Washington, D.C.: Have you ever looked into the daily delays on the Green line as a result of the Yellow line extension? Do you think that it is fair to delay one group of passengers for several minutes to save another group of passengers a few minutes?

Robert Thomson: Send me a note at drgridlock@washpost.com and describe your experiences. I frequently ride the line between Mt. Vernon Square and Fort Totten and have not had any trouble with delays. But regular riders and drivers are always telling me about problems I'm missing.

People who do talk to me about the Green/Yellow thing have been pretty supportive of the extension of Yellow Line service up to Fort Totten.


Anonymous: Dr. Gridlock,

I appreciate your efforts to improve traffic flow in this area and in particular your attention to the Arcola Avenue reconfiguration in Wheaton.

I, too, share your concern for pedestrian safety. I am a friend of the family that lost a son about two years ago crossing Arcola, so efforts to reduce speed and increase safety are important to me, even at the expense of delays. However, I think the work done on Arcola will not increase safety and, in fact, has already and will continue to increase accidents.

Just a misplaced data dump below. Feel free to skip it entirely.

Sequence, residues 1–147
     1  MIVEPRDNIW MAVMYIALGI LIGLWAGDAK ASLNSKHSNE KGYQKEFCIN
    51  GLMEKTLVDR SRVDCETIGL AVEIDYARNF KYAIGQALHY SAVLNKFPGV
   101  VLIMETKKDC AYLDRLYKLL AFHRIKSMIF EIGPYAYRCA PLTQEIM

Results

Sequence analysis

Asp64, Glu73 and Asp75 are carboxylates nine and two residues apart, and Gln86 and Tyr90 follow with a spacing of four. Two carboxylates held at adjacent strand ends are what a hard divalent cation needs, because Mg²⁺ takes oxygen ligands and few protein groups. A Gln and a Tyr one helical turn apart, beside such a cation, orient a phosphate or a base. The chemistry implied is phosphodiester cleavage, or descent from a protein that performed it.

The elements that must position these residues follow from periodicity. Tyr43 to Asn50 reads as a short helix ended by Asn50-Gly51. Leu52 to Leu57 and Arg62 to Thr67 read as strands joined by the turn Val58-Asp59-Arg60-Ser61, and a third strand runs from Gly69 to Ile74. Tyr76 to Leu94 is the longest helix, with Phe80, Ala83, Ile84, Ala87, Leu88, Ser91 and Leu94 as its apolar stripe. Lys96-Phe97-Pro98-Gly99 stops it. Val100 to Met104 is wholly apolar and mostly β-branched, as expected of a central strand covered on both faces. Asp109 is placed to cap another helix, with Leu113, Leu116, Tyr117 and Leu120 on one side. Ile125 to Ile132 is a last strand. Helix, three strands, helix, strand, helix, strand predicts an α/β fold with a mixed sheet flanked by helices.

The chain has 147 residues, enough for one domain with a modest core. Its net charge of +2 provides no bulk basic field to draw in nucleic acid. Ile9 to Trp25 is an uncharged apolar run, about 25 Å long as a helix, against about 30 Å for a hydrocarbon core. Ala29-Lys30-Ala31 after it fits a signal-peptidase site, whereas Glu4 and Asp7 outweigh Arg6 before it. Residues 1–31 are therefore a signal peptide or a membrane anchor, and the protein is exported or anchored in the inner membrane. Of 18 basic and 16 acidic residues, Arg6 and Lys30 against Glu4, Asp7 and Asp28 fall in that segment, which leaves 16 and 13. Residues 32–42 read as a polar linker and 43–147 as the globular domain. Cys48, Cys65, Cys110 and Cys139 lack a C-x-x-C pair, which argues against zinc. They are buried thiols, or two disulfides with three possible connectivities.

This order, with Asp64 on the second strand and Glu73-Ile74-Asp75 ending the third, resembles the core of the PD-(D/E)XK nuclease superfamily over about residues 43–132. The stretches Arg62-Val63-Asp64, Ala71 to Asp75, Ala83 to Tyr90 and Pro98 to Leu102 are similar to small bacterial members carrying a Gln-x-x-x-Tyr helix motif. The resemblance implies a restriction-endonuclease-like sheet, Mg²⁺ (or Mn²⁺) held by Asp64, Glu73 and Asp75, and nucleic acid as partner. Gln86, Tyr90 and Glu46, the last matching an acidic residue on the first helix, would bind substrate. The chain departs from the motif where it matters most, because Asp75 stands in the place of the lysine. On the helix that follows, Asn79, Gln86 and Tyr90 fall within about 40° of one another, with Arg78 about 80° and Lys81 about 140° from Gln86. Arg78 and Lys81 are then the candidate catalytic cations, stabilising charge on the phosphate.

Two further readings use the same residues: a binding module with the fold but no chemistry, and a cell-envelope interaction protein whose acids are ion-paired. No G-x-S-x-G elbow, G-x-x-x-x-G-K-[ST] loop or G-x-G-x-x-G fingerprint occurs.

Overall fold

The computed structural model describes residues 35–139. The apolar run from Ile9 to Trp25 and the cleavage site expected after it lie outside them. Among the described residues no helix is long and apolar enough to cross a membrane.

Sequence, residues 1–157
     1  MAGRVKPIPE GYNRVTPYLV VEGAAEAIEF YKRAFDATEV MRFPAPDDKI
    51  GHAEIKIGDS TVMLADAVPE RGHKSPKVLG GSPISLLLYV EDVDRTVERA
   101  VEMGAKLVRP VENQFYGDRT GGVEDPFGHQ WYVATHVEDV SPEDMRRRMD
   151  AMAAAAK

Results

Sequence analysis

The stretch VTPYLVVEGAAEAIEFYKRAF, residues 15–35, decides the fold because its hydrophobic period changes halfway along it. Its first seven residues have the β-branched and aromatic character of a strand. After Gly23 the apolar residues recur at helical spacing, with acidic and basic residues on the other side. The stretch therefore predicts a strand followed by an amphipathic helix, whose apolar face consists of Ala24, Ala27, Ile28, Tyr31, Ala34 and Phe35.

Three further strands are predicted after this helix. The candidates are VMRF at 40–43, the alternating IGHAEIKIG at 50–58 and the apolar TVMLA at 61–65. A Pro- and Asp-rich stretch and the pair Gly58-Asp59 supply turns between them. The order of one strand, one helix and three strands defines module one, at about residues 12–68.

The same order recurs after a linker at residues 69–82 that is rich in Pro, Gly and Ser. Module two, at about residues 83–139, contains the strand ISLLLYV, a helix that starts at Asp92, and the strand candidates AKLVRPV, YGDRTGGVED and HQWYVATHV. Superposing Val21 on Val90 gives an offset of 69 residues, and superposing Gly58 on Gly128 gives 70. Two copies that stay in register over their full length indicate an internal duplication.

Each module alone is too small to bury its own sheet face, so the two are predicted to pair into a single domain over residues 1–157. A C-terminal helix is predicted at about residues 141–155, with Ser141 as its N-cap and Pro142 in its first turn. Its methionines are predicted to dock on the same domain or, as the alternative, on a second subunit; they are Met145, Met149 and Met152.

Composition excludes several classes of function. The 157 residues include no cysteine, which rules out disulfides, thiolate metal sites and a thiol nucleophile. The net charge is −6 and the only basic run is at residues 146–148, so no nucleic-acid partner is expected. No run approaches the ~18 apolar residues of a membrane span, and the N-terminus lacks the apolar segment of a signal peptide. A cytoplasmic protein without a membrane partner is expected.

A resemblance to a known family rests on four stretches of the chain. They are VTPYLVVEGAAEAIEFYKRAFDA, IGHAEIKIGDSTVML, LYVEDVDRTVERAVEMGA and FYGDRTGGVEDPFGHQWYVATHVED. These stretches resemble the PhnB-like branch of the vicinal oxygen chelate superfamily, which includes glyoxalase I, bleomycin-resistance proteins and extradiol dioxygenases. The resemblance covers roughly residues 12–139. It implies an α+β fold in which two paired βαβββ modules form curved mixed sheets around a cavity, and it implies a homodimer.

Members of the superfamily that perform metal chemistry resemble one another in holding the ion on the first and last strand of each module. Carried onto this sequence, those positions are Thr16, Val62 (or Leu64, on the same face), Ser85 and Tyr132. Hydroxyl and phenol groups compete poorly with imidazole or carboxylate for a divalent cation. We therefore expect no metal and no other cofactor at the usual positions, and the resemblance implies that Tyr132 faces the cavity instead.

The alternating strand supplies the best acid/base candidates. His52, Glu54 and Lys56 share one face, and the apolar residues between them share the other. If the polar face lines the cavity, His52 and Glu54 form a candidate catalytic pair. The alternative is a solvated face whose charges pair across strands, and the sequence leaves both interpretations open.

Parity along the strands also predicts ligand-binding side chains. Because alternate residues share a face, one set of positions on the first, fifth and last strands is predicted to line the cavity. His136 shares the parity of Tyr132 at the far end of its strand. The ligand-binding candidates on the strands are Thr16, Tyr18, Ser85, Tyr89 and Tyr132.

I drive the full length of Arcola Avenue between University Blvd and Georgia Avenue every day and as a Kemp Mill resident I am dependent on Arcola Avenue for getting out of the neighborhood. My experience is that the placement of mid-street islands, parking lane islands, and "bump-outs," as currently constructed, are counter-productive.

While the work done on parts of Arcola are improvements, the stretch between Lamburten and University is really unsafe. There are mid-road islands, side islands and bump-outs that turn the street into a tight slalom ride. The bump-out on the corner of Lamburten and Arcola, in front of the synagogue, is a place where many people wait to cross after religious services yet it is lined up with a lane of Arcola on the other side of Lamburten-an invitation for fatalities should someone not notice the lane ending. The mid-road islands at Kenbrook and Hoyt are so close to the intersection that it is hard for a car to turn into them without blocking the road and their placement makes it very difficult for cars to exit onto Arcola from those streets or the parking lot of the three large buildings across the street. Finally, there is a side island placed so close to the mid-islands at Kenbrook that very severe steering adjustments have to be made to avoid jumping a curb. I am afraid to think what it will be like when snow makes the roads a little more slippery and the edges of the islands are obscured by drifting. In fact, the lanes are so narrow in parts of this section of road that there is no room for the line at the side of the road.